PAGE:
Born in New Jersey to an Armenian-American artist mother and an English sea captain father, the family moved to the UK when he was young and Cosmo spent his formative years with his mother in Totnes, Devon after his parents split under acrimonious circumstances. His teens were spent sparring with her and getting up to all manner of small town trouble. He also developed a sideline in writing songs and making films and we recently caught up with the talent Jarvis, and here’s what happened.
Cosmo Jarvis: Probably mixing the drums, always found that hard because of the physical space of the instrument that you sonically need to re-arrange and present in a cohesive way to the listener. Also playing the double bass high on 'think Bigger' because I busted my cello.
CJ: Because they told me if I didn't they'd kill my family.
CJ: I think that being able to make and release videos myself has helped things a lot as if gives the audience something a little more meaningful/consequential than a piece of promotional material in the form of a moving image. Many local fans started out recognizing places they knew of in the videos and shared them which was great. After it became about using the opportunity to make a music video as an opportunity to create a new piece of work, equal to the music that inspired its creation in sincerity and execution, that helped convey a songs message or an entirely new message.
CJ: I spent very little time in he U.S so UK was always my home. But, and perhaps this was naive, American culture raised my English friends and I anyway through music, film and pop culture. My allegiance to American art would have manifested itself even without my duel citizenship because there was always so much good shit coming out of there (or I had heard or seen so much good shit that came out of there). But yes I got shit about Americans being dumb and my moms a teacher in the UK and she gets shit from students all the time.
CJ: Everything. Not the work of good artists. but the artists good work. Just wholesome songs that speak for them selves, everything from The Bronx, Noisia, Zappa, Beatles, Toots and the Maytalls, Souls of mischief, Corrine Bailey Rae, Kill Switch Engage, John Williams, Randy Newman, Tom Waits… Then I just tried to make the ideas for the songs incapable of living without an equally thorough and communicative melody and then genre.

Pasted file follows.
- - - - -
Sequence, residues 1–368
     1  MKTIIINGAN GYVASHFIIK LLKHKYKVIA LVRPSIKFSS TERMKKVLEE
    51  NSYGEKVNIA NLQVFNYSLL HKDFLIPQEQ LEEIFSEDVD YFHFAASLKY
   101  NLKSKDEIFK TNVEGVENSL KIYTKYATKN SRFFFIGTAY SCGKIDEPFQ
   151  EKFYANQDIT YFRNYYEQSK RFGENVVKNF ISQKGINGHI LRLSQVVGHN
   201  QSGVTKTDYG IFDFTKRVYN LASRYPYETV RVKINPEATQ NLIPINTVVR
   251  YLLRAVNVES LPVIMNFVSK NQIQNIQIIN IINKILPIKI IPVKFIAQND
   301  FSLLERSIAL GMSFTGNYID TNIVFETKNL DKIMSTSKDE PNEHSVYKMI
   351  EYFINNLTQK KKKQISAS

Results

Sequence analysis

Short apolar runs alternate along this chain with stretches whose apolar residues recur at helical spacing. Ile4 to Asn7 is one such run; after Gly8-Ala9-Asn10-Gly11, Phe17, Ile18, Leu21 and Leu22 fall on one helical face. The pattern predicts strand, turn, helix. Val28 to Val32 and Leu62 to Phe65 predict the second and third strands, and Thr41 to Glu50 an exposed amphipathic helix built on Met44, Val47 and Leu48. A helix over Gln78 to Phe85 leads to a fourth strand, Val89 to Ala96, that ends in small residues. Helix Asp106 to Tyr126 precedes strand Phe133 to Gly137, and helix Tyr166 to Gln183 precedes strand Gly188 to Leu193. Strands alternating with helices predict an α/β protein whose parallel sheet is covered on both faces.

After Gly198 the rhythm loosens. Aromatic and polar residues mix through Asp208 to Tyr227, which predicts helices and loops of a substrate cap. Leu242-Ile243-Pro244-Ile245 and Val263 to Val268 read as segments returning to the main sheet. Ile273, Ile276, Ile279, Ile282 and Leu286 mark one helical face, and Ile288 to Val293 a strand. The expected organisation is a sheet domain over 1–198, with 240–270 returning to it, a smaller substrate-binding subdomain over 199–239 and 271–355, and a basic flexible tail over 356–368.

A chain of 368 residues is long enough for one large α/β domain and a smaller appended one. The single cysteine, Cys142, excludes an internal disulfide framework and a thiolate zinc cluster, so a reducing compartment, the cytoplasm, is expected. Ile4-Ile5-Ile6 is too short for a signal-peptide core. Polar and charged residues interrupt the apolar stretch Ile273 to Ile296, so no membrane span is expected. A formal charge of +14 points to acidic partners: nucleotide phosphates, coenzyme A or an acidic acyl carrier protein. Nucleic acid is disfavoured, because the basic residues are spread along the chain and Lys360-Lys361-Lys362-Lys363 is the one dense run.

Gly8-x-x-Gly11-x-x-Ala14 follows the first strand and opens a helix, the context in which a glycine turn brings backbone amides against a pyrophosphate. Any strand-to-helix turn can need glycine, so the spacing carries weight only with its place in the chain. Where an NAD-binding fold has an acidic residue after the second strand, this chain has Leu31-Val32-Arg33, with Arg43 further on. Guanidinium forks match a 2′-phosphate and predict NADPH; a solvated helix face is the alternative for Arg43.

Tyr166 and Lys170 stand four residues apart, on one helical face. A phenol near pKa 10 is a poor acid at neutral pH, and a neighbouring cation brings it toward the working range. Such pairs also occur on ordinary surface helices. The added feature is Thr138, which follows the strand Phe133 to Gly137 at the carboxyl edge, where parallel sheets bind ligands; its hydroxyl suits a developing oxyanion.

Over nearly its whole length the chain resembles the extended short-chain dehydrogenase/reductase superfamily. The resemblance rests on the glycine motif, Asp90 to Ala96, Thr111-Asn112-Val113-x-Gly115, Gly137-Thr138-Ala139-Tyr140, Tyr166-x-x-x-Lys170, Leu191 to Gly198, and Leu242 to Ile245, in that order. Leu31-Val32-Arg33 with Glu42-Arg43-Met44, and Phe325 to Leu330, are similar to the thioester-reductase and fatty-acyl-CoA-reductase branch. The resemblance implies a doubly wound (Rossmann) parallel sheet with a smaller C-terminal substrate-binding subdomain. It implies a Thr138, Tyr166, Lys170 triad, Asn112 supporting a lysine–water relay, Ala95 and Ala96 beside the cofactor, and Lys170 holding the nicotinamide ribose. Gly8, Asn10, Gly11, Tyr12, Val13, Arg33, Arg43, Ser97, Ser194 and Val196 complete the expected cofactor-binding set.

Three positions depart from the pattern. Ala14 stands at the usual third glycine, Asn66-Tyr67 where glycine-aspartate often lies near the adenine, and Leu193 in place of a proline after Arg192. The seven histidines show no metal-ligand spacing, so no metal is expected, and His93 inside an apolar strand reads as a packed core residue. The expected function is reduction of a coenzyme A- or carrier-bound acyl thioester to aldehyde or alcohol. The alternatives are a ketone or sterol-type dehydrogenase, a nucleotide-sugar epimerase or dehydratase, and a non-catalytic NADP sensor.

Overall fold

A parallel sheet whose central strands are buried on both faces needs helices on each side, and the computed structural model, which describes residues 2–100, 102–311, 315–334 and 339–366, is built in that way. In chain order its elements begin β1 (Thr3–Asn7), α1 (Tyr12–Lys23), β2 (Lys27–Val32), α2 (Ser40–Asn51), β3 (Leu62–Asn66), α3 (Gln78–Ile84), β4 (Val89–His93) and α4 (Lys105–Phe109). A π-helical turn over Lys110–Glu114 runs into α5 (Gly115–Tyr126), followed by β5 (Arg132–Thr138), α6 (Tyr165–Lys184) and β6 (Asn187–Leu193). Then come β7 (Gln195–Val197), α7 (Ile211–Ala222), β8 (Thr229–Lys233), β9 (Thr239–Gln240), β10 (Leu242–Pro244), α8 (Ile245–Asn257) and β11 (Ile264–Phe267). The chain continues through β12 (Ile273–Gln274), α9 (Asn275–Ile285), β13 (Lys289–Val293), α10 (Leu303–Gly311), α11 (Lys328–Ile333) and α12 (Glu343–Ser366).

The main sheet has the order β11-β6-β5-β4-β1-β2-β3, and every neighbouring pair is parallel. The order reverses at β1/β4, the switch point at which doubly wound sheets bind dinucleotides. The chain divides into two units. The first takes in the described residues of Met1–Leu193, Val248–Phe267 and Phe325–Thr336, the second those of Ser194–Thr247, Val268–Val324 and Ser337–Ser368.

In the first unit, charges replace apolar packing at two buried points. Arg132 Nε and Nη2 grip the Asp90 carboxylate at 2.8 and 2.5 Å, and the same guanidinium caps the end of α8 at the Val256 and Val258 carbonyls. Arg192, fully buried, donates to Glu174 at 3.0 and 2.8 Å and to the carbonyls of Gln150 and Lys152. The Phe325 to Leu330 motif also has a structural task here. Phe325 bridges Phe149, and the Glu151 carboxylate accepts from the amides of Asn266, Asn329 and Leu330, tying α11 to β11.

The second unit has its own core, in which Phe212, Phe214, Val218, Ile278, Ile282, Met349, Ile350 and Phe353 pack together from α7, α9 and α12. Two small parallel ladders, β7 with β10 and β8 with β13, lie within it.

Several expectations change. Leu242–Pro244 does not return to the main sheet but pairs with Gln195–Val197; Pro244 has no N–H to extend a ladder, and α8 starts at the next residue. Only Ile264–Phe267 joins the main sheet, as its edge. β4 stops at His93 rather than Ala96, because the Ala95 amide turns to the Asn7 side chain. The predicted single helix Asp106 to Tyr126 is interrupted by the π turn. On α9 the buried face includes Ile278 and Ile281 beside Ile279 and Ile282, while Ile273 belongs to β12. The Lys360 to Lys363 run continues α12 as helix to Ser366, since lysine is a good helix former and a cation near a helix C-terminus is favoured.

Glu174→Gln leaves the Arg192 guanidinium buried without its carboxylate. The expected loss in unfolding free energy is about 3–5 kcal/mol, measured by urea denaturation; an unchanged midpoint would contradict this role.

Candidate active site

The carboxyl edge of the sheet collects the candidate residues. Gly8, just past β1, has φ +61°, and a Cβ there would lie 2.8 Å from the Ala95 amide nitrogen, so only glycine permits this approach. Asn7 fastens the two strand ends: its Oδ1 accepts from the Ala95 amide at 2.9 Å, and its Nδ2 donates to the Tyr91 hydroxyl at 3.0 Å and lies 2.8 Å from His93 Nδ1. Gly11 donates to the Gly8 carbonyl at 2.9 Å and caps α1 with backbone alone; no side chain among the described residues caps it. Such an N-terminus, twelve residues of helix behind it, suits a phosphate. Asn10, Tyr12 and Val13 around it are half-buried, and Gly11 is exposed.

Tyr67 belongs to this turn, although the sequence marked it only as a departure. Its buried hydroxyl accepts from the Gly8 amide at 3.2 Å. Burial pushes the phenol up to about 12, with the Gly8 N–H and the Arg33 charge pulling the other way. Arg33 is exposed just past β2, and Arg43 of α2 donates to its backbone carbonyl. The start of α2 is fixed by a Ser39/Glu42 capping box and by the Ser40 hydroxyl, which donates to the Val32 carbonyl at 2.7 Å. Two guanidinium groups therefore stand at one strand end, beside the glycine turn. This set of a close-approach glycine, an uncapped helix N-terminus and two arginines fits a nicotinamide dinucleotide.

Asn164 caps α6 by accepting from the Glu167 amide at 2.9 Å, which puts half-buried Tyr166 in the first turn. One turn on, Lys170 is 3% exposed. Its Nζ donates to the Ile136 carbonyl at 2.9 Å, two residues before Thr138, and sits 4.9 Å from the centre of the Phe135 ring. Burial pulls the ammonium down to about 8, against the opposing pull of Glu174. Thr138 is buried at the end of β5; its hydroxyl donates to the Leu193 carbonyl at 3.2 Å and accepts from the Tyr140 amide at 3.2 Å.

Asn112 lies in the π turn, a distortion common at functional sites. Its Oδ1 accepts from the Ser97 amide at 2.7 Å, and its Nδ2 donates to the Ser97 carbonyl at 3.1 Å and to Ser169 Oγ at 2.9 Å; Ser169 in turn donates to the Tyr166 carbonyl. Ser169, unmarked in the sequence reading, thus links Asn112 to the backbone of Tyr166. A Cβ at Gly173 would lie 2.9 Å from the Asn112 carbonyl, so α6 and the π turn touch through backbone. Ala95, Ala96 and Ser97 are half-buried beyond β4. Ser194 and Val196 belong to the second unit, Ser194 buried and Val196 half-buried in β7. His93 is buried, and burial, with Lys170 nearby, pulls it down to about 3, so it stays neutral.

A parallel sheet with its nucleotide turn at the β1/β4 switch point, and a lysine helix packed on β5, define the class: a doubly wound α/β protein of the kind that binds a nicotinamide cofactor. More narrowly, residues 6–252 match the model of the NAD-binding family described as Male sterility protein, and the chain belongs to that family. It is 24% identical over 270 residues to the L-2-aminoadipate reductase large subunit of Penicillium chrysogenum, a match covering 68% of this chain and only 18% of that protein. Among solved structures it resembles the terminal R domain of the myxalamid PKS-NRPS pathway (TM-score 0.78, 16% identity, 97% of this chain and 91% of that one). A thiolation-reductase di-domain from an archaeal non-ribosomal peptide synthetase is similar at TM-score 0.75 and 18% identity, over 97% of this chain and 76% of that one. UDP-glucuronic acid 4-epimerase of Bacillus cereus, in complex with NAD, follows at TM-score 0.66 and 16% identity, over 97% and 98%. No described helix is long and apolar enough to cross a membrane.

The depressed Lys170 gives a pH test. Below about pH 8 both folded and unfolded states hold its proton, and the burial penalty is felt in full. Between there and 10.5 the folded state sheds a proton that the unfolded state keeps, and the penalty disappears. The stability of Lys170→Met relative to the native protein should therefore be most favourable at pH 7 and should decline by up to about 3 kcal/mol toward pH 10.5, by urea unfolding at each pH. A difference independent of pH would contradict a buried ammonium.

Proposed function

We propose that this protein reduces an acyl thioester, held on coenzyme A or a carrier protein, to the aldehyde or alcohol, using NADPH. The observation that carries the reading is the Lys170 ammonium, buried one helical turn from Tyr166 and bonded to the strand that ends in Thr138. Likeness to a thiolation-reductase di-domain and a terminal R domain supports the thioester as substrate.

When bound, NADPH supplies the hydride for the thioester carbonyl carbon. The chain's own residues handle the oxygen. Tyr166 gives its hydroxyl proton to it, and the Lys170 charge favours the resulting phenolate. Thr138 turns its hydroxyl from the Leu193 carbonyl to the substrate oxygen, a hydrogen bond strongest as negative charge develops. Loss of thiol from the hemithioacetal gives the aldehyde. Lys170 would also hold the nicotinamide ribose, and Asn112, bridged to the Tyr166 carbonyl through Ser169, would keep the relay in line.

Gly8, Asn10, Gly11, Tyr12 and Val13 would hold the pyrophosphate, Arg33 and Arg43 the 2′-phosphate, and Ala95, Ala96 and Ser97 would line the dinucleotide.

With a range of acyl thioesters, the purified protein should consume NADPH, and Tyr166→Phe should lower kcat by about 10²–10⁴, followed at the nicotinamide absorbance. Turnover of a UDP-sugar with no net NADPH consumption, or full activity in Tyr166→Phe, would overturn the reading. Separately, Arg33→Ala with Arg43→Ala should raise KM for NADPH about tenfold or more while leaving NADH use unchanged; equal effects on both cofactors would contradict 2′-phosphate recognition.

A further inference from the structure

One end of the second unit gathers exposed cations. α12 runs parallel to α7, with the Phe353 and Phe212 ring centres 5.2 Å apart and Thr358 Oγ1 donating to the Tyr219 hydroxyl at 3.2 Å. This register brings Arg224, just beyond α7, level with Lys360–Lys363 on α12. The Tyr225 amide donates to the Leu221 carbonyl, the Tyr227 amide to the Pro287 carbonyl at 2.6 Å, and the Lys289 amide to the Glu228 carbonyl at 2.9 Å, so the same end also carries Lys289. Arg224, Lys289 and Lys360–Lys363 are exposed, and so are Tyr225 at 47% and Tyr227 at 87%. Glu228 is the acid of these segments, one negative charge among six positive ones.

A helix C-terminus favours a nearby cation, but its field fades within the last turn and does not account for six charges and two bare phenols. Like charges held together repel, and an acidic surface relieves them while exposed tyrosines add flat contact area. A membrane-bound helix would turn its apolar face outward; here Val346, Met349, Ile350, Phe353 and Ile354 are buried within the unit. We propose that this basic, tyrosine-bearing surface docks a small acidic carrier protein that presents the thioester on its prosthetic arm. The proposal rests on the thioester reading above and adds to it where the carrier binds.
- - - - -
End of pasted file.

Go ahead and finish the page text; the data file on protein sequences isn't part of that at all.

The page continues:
DK: What artist, living or dead, would you want to collaborate with?
CJ: Quentin Tarantino or Roman Gavras.
DK: What was the last movie you saw? Did it suck or rock?
CJ: Last movie was a French movie called 'Our Day Will come'. Directed by Roman Gavras and starring Vincent Cassel and Olivier Barthelemy. It kicked so much ass and was like a dream that turned real. Awesome idea.
CJ: I made a short film called the naughty room about a boy who was locked in a bathroom. It sucked so I deleted it. On coming to the realization that making a feature length movie using the resources and people that I had available to me and that the short sucked because It wasn't detailed enough and was a bit of a gimmick, I decided to write the rest of the story and do my damnedest to get it done. I have just finished a first draft of my next film A Band On Hope and hope to get things moving on that as soon as fucking possible. I wont say too much about it because I'll be accused of not using this interview to talk about present areas of interest, but I will say that I think it's going to be interesting at the very least.
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